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story.lead_photo.caption Anna Kimmell, director of education at The Arkansas Repertory Theatre, moves props into place Tuesday afternoon on the stage in preparation for an event to announce details of an abbreviated season of plays and musicals. ( Arkansas Democrat-Gazette / Staton Breidenthal)

The Arkansas Repertory Theatre on Tuesday announced it will offer a four-show season to spearhead its attempt to return from the brink of nonexistence.

Board Chairman Ruth Shepherd and interim General Manager Bill Rector unveiled the 2019 Mainstage lineup at a "special reveal party" Tuesday at the theater, at Sixth and Main streets in Little Rock, the pivot point of the city's downtown "creative corridor."

The season will open Feb. 19-March 24 with the Kander and Ebb musical Chicago.

The season in general and Chicago in particular reflected the work of Repertory Theatre founder Cliff Baker, who died Sept. 6 in New York just a week shy of his 71st birthday.

Baker had stepped back into the spotlight as interim artistic adviser and was part of the troika, with Shepherd and Rector, that was the Rep's public face as the nonprofit theater tried to get back on its fiscal and artistic feet. The board had declared April 24 that it was suspending operations, canceling the final production of the 2017-18 season and the entire 2018-19 season because of critical cash-flow problems.

"Cliff's fingerprints were all over this season," Shepherd said, noting that Baker had been trying to get the rights to Chicago for at least a decade but had been stymied because of Broadway revivals and a recently wrapped-up national tour.

Ron Hutchins, whose Rep credits as a director and/or choreographer include 2010's Smokey Joe's Cafe; 2007's Hello, Dolly!; and 2005's Beauty and the Beast, will choreograph and replace Baker as the director. Michael Rice, also a familiar name out of the Rep's past, will be the musical director.

The season will also include:

• April 16-May 5: Native Gardens, a new play by Karen Zacarias that questions whether, in fact, good fences make good neighbors. The laissez-faire gardening style of a young Latin couple (a lawyer for a big firm and his pregnant wife) brings them afoul of their white neighbors, whose garden is carefully manicured.

• Sept. 3-Oct. 6: Million Dollar Quartet, which was originally scheduled to close out the 2018-19 lineup that previous artistic director John Miller-Stephany had presented in February. The show, which has been through Little Rock on tour, focuses on the Dec. 4, 1956, Sun Records recording session that brought Elvis Presley, Johnny Cash, Jerry Lee Lewis and Carl Perkins together with producer Sam Philips. Hunter Foster, who originated the role of Philips on Broadway, will direct.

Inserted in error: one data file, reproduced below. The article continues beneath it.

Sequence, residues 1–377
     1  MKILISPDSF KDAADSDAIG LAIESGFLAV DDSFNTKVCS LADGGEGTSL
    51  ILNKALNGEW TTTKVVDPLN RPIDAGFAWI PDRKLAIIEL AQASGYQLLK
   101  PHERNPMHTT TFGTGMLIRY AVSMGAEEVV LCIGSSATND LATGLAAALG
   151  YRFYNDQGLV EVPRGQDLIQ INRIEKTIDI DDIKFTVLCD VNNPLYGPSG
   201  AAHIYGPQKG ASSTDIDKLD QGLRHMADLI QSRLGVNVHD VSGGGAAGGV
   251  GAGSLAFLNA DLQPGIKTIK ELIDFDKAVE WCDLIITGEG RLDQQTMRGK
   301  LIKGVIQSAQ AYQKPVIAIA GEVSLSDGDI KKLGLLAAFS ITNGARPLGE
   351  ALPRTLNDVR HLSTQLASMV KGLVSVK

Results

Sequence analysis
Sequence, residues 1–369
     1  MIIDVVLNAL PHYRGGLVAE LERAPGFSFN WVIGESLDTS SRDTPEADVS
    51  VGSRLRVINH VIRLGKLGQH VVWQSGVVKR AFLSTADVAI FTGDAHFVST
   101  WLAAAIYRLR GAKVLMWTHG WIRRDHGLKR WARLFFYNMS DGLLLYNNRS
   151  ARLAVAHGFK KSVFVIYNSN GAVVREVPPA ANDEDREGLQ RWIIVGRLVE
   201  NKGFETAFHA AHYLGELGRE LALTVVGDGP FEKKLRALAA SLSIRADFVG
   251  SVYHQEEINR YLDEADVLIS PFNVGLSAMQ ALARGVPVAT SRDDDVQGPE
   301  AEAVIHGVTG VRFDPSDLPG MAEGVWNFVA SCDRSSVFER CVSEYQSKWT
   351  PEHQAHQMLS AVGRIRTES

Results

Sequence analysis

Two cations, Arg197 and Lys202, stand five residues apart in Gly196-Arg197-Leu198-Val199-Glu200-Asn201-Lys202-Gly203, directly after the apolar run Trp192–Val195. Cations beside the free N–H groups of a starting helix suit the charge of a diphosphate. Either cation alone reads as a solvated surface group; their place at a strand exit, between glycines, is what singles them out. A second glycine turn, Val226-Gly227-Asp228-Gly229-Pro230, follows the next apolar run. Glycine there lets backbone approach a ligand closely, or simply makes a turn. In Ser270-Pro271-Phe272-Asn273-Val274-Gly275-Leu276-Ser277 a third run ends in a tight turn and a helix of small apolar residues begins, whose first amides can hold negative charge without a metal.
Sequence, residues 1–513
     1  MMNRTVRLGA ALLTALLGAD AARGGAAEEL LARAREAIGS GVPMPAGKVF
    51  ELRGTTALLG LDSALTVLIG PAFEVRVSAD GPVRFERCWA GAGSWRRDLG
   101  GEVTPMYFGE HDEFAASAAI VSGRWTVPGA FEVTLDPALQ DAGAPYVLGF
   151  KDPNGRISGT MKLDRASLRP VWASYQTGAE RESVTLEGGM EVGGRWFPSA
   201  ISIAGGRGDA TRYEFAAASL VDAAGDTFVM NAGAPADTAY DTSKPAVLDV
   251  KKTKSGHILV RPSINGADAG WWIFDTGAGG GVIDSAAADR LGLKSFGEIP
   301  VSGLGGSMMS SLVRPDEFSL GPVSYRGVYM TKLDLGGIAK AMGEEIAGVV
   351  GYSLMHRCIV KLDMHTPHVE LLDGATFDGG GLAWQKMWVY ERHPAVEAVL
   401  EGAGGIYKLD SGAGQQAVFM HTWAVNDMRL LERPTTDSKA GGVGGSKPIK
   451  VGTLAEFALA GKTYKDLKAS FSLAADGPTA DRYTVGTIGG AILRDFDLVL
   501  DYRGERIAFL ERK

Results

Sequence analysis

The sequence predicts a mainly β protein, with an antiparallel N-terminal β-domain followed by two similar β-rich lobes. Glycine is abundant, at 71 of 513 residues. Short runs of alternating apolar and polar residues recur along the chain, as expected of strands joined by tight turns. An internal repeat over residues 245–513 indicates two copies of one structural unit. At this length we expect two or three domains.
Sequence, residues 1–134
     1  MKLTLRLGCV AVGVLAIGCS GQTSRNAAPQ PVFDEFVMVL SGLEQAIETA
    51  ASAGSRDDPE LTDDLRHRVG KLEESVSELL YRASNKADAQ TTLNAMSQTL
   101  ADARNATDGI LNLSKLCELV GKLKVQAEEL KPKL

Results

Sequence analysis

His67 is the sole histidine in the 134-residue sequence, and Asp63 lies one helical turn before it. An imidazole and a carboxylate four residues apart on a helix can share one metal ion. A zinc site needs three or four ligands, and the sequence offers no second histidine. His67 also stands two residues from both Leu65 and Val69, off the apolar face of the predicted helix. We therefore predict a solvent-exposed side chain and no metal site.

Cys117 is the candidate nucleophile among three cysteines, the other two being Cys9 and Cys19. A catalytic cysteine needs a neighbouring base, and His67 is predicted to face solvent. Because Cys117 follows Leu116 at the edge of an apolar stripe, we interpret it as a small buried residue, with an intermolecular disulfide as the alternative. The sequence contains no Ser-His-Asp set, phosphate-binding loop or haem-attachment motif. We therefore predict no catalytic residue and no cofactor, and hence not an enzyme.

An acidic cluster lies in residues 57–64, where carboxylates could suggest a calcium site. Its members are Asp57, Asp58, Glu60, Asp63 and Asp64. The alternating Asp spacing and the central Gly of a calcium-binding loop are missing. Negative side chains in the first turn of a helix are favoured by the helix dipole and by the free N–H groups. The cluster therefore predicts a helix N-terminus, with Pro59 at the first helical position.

• Dec. 3-22: A radio-play version of It's a Wonderful Life, based on the 1946 film classic that starred Jimmy Stewart.

The Rep stage will also host:

• Opera in the Rock's previously announced production of Giacomo Puccini's opera Madama Butterfly, May 17-19, with members of the Arkansas Symphony Orchestra in the pit.

• The Education Classes and Junior Mainstage Show, Willy Wonka Jr., June 21-30, featuring a company of local actors 18 and younger.

• The Saints & Sinners fundraiser, either Oct. 19 or Nov. 2. The annual gala has been a huge moneymaker for the Rep, Shepherd said, outdrawing all but one stage production over the past two years.

Shepherd said the Rep will continue to operate under an agreement with Actors Equity, the theatrical union, that will maintain its certification as a professional theater. On that basis, the theater will hold season auditions Dec. 3 and 5 in conjunction with the Conway-based Arkansas Shakespeare Theatre, also an Equity company, and will hold auditions specifically for Chicago on Dec. 8.

The board has also made a renewed dedication to raising the money it will take to keep the theater operating through and beyond 2019, changing the emphasis of its campaign from "Save the Rep" to "Rebuild the Rep." Since April, the theater has raised more than $800,000 in gifts and pledges, doubled through matching grants from the John & Robyn Horn Foundation and the Windgate Charitable Foundation.

Shepherd said the board is still working to raise an additional $1.2 million as part of its ongoing Our Next Act campaign, which would allow the theater to establish operating and facilities reserve funds while retiring its remaining property debt. It will also go toward sustaining the Cliff Fannin Baker Artistic Director's fund, established at the request of Baker's husband, Guy Couch, geared toward hiring top artistic directors as guest artists and supporting the new work and "bold choices in programming."

Metro on 11/14/2018

Print Headline: 4-show season set as part of Little Rock's Arkansas Repertory Theatre's revival effort


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